Answers to 10 of the Most Frequently Asked Laser-Engraving Questions
When it comes to laser engraving, there are a lot of factors to consider. Aspects such as materials, quality, timing, graphics, and money play a pivotal role in successful laser engraving projects.
Epilog Laser Fans, or ELFs, are some of the most creative engravers around. The ELF page on Facebook has so many etching and engraving ideas and examples of the versatility of Epilog machines. In addition, the engravers are happy to offer expertise to newcomers.
In the designated and private Facebook group, as in many online community forums, users vent frustrations and ask questions, looking for guidance on some common issues that occur while engraving.
We took 10 of the most frequently asked questions to the Epilog Laser team and had the experts answer them.
- What are some recommendations for solid hardwood engraving?
Mask the wood. Masking helps reduce residue from seeping into engraved areas and makes for easy clean up.
Use “bottom up” engraving. This is a feature in Epilog’s print driver that allows users to engrave from the bottom of the design up, instead of engraving from the top down. It also helps reduce smoke and debris being pulled into the engraving area as the laser head moves.
Clean with Pledge, Simple Green or any citrus-cleaner.
- I'm a little nervous about etching glass! Any suggestions?
First, remember that not all glass is created equal. While you may think you need more expensive glass to get a great engraving, that’s not always the case. Many of our customers use glassware from restaurant suppliers or dollar-discount stores, both of which engrave beautifully.
We’ve also developed the following tips that help ensure a nice, frosty engraved finish:
• Using a lower resolution, around 300 DPI, produces a better result on glass as you separate the dots you are engraving.
• Change the black in your graphic to 80% black to improve the engraving quality.
• Running with a Jarvis dithering pattern in the driver (you’ll find this under the raster speed and power settings) will also help provide a smoother finish.
• Some people find that applying a thin, wet sheet of newspaper or paper towel a little larger than the engraving area also helps with heat dissipation and improves the engraving. Just be sure that there are no wrinkles in the paper after it is applied.
• Using your finger or a paper towel, apply a thin coat of liquid dish soap—any kind will do—over the area to be engraved. That will dissipate the heat when engraving.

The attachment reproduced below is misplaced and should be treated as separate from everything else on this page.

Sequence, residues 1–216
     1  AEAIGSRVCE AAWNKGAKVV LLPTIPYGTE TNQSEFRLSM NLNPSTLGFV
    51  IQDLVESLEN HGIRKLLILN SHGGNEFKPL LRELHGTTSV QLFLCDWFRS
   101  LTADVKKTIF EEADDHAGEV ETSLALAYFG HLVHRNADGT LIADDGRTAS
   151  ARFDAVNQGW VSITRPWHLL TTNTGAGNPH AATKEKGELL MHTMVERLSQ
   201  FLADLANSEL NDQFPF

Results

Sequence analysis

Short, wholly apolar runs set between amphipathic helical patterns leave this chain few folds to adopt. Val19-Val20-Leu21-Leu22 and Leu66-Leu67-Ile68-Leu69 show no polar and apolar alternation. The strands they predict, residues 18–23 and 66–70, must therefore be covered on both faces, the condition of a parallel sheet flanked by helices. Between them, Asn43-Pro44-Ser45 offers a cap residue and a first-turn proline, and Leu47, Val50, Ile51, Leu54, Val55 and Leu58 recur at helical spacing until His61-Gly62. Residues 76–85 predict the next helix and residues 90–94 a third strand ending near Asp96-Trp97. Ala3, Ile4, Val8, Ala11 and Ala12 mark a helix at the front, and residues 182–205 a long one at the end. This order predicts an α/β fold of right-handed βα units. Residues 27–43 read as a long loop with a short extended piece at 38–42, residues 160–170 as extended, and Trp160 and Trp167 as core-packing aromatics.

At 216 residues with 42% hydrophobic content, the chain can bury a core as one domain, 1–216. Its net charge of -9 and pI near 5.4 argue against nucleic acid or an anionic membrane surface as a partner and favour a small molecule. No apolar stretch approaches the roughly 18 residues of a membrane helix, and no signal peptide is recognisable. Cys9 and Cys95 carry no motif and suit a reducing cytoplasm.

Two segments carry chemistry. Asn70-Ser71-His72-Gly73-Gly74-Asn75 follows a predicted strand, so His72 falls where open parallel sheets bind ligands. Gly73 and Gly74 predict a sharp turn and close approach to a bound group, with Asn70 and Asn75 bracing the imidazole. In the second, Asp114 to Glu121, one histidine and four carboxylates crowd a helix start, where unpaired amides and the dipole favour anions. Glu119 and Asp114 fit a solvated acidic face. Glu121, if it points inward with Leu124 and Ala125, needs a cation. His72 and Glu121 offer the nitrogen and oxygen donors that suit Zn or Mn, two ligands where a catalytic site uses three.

• Polish the area with a ScotchBrite pad or something similar to eliminate shards of glass.
- What are some tips for engraving on plywood or balsa?
This material is cut with a laser more than it’s engraved. For engraving, we’d suggest starting with the recommended wood engraving settings in our manual. Plywood can be tricky and inconsistent in terms of cutting, due to the various layers of glue found within it. Balsa seems to cut very nicely and many of our customers use this medium to build various types of models.
- I'm thinking of expanding my business to engrave leather. Will that be difficult?
Not at all—leather engraves and cuts beautifully with a laser! Some of our users custom etch leather journals, coasters and much more.
- What are the best settings for engraving on leatherette?
This is going to depend on your machine and wattage, but we’d start with the recommended settings for “leather” in Epilog’s user manual. When in doubt, start with a relatively high speed and low power. If you don’t move the item being engraved, it is easy to add a little more power or reduce the speed and run the job again until you get the look you want.
- I hate to waste materials. What cool projects can you create with scrap pieces from other projects?
Scrap materials are great not only for creating new projects, but using as practice pieces for more challenging engravings, such as photographs. We’ve seen customers make all kinds of things from scrap, such as small acrylic edge-lit signage, ornaments, name tags, and lots more!
- I have a Mac. Can I use it with my Epilog Laser?
Epilog systems run off any Windows-based graphic design software, so most of our customers elect for a PC and CorelDRAW. Die-hard MAC users typically use Parallels or Bootcamp to power the lasers from their systems, or simply purchase an adequate PC and dedicate that machine only to the laser.
- Any tips for proper maintenance? How and when should I clean my Helix or Mini?
Epilog provides a maintenance schedule outlining what maintenance activities to do and how often to do them. We also cover basic maintenance in our manuals. The biggest piece of maintenance advice is to keep your system clean, especially the optics. Clean optics help ensure that your laser produces the most precise engraving and cutting results.
- Can I maximize my laser investment with apparel applications?
Absolutely. Epilog systems can both cut and directly etch all kinds of fabrics. We’ve seen users engraving fleece pullovers, leather jackets, aprons, napkins, and more.
- Can you recommend inexpensive substrates I can play around with?
This is where scrap materials come in very handy for testing speed and power settings, experimenting with different resolutions, etc. Many of our users go to the big home improvement stores for inexpensive wood and tile (ceramic, marble, etc.) to test and play around with. Additionally, “dollar store” retailers often have glassware (pint glasses, wine glasses, beer mugs, etc.) that engrave beautifully.
Be sure to join in the creativity on social media: #CreateWithEpilog